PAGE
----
The interview below is part of a series from McGuireWoods that features interviews with C-suite leadership of private equity-backed portfolio companies. To recommend a leader for a future interview, email Holly Buckley at email@example.com.
Q: What advice would you give to a founder CEO when evaluating potential partner investors?
David Stern: If I were a founder CEO looking for a partner for a next financing round or my first round, I would ask potential partner investors, "How are you different from other private equity companies?" They all say they are different and are looking for a good management team to invest in. But I would be looking for how much value an investor can add, more than just the cash. Can this private equity firm provide expertise in areas I don't have?
First, identify what your investor will bring that is unique and will help your company find even greater success. Every investor will say they invest in a leadership team and will help you reach success. But the real question is will they really invest in your success or will they be a constant burden of additional accountability?
We are lucky that Warburg Pincus is our investor. Warburg has invested tremendously in what they call their "value creation interlock" or VCI. Rather than being a passive partner or an overly intrusive partner, Warburg has created an internal group of consultants who are experienced executive specialists across the leadership spectrum. They provide a chief executive officer specialist, chief technology officer specialist, chief product officer specialist, etc., all of whom have held these positions at similar, fast-growing companies. They act as no-cost, highly available consultants to everyone on our leadership team.
These specialists act as consultants, but they don't get in our hair and tell us what to do. In most cases, they are so good and so bright that they really help people solve their problems. This has made my job as the CEO so much easier. Not only do I have great leaders, but those great leaders are regularly interlocking with world-class experts.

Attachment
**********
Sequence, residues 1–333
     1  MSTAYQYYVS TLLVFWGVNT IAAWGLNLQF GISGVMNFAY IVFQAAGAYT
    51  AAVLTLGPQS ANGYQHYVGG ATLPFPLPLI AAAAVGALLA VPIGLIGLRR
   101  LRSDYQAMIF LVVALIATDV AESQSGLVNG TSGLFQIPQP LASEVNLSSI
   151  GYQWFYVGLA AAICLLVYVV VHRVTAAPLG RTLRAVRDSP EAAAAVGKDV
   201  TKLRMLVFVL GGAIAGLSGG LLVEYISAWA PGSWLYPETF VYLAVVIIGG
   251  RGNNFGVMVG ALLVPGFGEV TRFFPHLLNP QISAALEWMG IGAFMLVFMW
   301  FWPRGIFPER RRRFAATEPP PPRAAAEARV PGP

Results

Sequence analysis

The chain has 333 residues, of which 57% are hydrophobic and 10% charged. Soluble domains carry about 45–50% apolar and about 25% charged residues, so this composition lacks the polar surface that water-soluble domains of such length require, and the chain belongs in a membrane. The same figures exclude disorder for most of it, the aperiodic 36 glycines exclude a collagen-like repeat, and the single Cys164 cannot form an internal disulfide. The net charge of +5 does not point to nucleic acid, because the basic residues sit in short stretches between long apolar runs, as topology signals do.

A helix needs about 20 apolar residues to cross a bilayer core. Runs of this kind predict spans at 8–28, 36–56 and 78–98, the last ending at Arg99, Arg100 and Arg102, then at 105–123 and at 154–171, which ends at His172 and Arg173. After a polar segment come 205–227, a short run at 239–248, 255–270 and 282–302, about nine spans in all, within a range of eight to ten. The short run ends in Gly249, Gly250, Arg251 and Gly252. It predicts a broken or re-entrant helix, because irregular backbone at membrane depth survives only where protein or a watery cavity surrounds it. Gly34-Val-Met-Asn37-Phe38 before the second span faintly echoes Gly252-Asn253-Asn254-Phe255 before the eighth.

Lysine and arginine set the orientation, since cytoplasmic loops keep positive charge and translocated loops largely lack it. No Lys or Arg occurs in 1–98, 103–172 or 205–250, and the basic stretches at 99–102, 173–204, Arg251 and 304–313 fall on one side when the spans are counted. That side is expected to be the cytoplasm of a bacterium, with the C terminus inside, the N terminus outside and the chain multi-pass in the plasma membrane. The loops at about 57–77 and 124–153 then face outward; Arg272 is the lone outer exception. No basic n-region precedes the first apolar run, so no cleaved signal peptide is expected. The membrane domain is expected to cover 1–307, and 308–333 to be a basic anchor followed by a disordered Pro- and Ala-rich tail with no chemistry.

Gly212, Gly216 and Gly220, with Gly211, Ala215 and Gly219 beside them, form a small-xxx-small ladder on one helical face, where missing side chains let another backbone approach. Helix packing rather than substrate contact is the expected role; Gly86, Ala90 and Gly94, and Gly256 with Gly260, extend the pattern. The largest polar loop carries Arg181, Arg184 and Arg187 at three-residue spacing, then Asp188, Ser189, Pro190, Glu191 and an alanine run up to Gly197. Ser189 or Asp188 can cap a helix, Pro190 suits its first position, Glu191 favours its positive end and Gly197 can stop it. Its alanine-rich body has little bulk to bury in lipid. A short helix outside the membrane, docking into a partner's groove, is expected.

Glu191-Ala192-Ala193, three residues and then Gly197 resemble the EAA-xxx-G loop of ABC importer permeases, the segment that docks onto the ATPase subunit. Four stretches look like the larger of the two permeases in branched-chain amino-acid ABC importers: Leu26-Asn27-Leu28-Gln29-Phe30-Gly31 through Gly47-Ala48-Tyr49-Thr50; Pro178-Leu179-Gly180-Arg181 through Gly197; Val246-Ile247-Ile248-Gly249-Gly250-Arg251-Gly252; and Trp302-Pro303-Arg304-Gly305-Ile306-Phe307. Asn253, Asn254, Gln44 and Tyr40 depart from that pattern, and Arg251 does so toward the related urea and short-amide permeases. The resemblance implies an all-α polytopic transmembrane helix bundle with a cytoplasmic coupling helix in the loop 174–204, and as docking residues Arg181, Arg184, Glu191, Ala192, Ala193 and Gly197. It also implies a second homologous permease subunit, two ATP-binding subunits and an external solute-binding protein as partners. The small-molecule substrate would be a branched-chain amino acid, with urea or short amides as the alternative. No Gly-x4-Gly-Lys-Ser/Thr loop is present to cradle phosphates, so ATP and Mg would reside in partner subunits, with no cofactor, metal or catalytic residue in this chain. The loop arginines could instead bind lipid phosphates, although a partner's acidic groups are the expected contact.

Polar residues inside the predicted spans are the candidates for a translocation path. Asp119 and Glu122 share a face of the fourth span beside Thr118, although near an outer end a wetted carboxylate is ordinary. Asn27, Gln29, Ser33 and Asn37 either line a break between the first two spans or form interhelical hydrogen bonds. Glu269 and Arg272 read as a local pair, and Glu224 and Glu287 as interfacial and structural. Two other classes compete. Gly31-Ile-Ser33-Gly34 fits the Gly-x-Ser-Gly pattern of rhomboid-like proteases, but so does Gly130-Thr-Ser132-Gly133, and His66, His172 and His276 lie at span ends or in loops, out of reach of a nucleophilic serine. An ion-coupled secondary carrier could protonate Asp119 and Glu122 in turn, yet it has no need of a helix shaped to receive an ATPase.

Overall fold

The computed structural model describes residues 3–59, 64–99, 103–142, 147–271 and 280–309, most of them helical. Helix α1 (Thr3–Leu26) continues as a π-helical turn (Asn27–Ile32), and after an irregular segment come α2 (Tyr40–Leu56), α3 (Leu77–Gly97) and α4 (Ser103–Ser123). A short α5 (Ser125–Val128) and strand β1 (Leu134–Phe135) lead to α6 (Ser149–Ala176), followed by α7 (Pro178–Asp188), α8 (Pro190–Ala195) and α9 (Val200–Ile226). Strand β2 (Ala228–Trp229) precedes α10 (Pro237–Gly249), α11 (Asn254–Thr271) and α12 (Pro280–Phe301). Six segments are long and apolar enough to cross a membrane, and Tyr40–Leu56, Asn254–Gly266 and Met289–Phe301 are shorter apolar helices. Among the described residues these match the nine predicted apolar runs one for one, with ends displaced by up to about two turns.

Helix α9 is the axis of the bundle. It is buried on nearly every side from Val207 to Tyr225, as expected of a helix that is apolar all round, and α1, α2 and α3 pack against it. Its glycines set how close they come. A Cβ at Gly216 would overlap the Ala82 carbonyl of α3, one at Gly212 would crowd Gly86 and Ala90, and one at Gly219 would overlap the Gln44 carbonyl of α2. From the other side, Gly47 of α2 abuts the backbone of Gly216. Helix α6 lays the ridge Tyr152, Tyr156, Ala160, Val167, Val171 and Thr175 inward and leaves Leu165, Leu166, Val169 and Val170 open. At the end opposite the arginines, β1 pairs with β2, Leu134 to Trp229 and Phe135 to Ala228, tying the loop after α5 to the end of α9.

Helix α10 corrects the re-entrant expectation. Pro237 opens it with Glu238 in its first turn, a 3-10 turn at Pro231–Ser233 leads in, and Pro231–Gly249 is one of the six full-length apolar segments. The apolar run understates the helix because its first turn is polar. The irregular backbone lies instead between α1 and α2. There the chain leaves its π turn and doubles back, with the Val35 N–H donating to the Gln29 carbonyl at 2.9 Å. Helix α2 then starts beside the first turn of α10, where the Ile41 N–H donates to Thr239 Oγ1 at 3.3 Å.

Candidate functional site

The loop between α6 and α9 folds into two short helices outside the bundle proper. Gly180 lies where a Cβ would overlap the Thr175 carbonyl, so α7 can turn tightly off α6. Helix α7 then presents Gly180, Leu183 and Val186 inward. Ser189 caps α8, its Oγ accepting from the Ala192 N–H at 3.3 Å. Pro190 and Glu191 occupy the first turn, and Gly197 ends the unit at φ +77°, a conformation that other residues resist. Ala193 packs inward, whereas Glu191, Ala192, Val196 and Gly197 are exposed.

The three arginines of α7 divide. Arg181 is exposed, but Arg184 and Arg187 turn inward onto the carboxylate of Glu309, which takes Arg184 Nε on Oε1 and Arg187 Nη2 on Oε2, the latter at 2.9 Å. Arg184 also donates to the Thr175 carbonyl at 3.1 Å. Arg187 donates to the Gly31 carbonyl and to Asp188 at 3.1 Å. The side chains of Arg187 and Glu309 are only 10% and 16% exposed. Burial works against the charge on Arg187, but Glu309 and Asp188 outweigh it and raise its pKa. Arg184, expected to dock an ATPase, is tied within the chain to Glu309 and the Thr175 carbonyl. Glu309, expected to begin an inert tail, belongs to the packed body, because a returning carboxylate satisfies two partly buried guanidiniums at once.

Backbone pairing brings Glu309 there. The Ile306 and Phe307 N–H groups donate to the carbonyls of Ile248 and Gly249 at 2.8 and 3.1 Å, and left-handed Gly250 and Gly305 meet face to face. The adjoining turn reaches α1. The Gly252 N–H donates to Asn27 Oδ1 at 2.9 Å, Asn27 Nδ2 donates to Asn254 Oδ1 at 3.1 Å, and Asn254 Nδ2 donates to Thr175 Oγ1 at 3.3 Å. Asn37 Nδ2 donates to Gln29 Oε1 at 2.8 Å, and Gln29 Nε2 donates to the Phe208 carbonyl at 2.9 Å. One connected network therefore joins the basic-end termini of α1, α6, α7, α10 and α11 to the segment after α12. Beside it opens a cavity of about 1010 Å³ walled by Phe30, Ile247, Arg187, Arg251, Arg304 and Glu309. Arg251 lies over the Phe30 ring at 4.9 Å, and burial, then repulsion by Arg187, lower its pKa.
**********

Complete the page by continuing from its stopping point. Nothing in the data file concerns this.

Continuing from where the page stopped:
If the firm you are considering has these experts, interview them. Don't just speak with the partners. Find out what the experts are going to bring to the table. Make sure they are world-class experts who will bring additional value beyond the expertise already present in your executive team. Also, check to see if they are going to charge you for these experts and their services. If they are going to charge you a la carte for that expertise, you might consider hiring consulting firms instead.
Second, does the investor know your industry? Again, we chose well in that Warburg Pincus has also invested in three very similar medical electronic record companies in adjacent verticals within ambulatory healthcare. This means that not only does the investor know our industry well, but we have built-in collaborative relationships for every executive team member with these closely related but noncompetitive companies.
The reality is that the partners you deal with regularly from private equity firms are really smart, but they often have a single-dimensional focus. That is, they think of your company as a way to generate money and they are good in helping you think about how to strategize within your vertical. However, for the most part, they have never run a company. With Warburg, having all these executives who have run different aspects of companies has been a tremendous resource.
Third, how does the investor make its money? Everyone makes money on the exit, but are they taxing the company’s cash flow as it goes along? I would be wary of a private equity firm that charged an ongoing management fee to the company. These fees can easily exceed $500,000 per year, and often the firms that charge these fees do not add any more value than firms that do not charge these fees.